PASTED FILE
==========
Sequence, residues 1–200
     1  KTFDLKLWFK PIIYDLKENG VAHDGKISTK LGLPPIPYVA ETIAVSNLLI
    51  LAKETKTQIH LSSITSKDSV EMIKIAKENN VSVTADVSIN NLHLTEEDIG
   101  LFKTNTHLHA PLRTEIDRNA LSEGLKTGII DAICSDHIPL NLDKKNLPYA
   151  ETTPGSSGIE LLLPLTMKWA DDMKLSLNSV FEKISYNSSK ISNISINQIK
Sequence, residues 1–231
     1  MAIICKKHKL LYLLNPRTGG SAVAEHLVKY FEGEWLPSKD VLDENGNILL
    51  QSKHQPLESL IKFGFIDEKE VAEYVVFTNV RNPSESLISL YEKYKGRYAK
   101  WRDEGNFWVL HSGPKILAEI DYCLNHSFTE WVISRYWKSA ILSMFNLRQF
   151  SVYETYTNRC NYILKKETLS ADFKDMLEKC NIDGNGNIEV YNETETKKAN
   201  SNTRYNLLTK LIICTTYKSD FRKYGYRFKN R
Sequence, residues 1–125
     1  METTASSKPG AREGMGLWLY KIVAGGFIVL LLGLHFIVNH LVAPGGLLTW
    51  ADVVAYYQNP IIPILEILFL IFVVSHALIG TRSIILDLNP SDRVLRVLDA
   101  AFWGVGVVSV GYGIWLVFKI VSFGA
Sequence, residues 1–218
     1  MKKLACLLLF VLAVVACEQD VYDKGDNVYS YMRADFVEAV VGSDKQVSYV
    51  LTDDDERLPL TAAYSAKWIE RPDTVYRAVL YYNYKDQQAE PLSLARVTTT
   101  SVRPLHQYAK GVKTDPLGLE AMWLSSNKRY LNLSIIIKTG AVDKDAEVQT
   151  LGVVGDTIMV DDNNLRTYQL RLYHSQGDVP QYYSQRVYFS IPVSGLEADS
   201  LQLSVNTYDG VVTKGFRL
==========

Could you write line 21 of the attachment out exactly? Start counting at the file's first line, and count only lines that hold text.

   201  LQLSVNTYDG VVTKGFRL